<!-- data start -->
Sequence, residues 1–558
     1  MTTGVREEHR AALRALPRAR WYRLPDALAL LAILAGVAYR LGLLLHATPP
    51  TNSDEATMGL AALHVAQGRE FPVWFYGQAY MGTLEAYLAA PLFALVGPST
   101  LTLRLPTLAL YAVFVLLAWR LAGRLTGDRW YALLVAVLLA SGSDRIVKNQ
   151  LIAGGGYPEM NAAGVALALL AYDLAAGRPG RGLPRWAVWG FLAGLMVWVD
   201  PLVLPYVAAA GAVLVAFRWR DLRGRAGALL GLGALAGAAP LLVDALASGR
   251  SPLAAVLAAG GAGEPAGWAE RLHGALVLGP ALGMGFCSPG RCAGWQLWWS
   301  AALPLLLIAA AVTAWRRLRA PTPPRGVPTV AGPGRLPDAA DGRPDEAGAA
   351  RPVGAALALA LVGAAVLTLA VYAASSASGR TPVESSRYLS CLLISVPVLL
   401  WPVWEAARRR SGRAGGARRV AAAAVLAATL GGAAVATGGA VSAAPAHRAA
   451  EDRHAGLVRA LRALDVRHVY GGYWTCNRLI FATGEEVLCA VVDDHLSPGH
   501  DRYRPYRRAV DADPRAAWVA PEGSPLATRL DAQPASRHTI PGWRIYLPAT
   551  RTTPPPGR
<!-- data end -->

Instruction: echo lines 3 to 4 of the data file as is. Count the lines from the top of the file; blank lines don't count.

    51  TNSDEATMGL AALHVAQGRE FPVWFYGQAY MGTLEAYLAA PLFALVGPST
   101  LTLRLPTLAL YAVFVLLAWR LAGRLTGDRW YALLVAVLLA SGSDRIVKNQ